[galib] Constrainted Optimization

Bruckmann, Tobias bruckmann at mechatronik.uni-duisburg.de
Tue Nov 20 10:38:45 EST 2007

Dear Anselmo,

thanks a lot for this helpful explanation. Maybe I should describe my problem more detailed: I'm optimizing robot designs - I want to have an optimized (e.g. small, cheap or fast) design, but it must be guaranteed that a predefined workspace (= all poses the robot can reach) can be covered by the resulting robot, so the robot can handle a certain task for sure. That means that the parts of robot (my genome) can vary in a wide variety. Noteworthy, the optimum design is very close to a design which doesn't have the required workspace. If I just allow parts will never lead to invalid workspaces (which would be hard to determine in advance), I would never get "optimal" results close to the real optimum. Thus, the limited chromosome representation will not help since I can determine invalid designs only during runtime within the objective function (where I check if the individuum has the required workspace)

Mit freundlichen Grüßen aus dem verregneten Duisburg,


Tobias Bruckmann 
Universität Duisburg-Essen, Campus Duisburg 
Fachbereich Ingenieurwissenschaften 
Abteilung Maschinenbau 
Lehrstuhl für Mechatronik 
Lotharstraße 1, MD 227
47057 Duisburg
Tel.: +49 (0) 203 / 379 - 1908 oder -4065
Mobil: +49 (0) 174 / 186 15 78
Fax: +49 (0) 203 / 379 - 4494 
E-Mail: mailto:bruckmann at mechatronik.uni-duisburg.de  
Internet: http://www.uni-due.de/mechatronik

-----Ursprüngliche Nachricht-----
Von: galib-bounces at mit.edu [mailto:galib-bounces at mit.edu] Im Auftrag von Anselmo Pitombeira
Gesendet: Dienstag, 20. November 2007 15:32
An: galib at mit.edu
Betreff: Re: [galib] Constrainted Optimization

You have many ways of avoiding infeasible solutions, but I suggest one of the following:

 1. Using a chromosome representation which doesn't allow an infeasible solution to be generated;  2. developing a feasibility correction procedure;  3. applying penalties on infeasible individuals so that they can't propagate over the generations.

Alternative 1 is preferable, since you don't have to set any parameter, i.e., the penalty value, but it may be difficult for you to arrive at a suitable representation which bounds within your feasible solution space. Moreover, if you use an obscure representation, you must develop all genetic operators and experiment with them in order to assess their efficiency.

You can also check for the feasibility of the solution as soon as it is generated, as in alternative 2, and modify it so that it complies with your feasible space definition. You have to develop a correction procedure to accomplish this.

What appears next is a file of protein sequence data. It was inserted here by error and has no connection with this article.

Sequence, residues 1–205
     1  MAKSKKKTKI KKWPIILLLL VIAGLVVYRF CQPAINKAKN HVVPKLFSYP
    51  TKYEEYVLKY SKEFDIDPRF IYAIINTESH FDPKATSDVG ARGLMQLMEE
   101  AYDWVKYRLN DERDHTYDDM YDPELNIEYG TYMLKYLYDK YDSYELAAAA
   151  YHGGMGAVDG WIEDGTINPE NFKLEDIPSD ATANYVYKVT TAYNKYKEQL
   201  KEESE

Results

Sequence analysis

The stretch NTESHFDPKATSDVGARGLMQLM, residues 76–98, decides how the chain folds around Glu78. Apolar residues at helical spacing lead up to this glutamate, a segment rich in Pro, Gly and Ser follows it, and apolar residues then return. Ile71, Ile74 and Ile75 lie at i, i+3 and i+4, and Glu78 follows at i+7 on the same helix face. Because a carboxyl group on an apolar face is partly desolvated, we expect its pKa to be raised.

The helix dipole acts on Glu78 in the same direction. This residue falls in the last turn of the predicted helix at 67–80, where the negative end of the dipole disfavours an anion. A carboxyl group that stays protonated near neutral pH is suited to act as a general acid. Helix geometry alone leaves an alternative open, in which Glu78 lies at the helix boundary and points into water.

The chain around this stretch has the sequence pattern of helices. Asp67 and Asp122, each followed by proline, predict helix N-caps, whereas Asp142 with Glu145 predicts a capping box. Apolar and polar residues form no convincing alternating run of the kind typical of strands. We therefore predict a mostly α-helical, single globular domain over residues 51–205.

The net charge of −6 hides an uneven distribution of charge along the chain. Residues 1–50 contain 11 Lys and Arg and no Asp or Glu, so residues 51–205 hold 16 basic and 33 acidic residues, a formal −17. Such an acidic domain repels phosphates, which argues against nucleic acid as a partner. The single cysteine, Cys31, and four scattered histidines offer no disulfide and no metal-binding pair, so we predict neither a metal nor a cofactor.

My third suggestion is the use of penalties. You check for the feasibility of the solution and in case it is infeasible, you just assigns a high fitness value to it. This is the simplest method, but it has the drawback of requiring the penalty value, which is highly dependent on your data set.

There is no immediate way of doing this in GALib. You may use, as an aid, allele sets in order to develop a representation which doesn't generate infeasible solutions.

Mit freundlichen Grüssen aus Brasilien

Anselmo Pitombeira

galib-request at mit.edu escreveu:
> ----------------------------------------------------------------------
> Message: 1
> Date: Mon, 19 Nov 2007 11:38:01 +0100
> From: "Bruckmann, Tobias" <bruckmann at mechatronik.uni-duisburg.de>
> Subject: [galib] Constrainted Optimization
> To: <galib at mit.edu>
> Message-ID:
> <27EC885DCEA1A44AB6BAE5C934D3D9BB1B8834 at horch.mechatronik.uni-duisburg
> .de>
> Content-Type: text/plain;	charset="us-ascii"
> Hallo,
> I'm starting my experience with GAlib to solve a constrainted 
> optimization problem. That means, I have absolutely strict boundaries 
> for the optimization. The evolution will generate individuals which 
> are invalid and thus have to be removed from the population before the 
> next generation is created. Now I could just set a very bad cost 
> function for these individuals, but in this case, the population would 
> sometimes contain individuals which are no solution. So I would prefer to "kill"
> these individuals - is there already a way within GAlib to do this, or 
> do I have to implement it by myself?
> Thanks a lot for your help and
> Best Regards,
> Tobias
> ------------------------------
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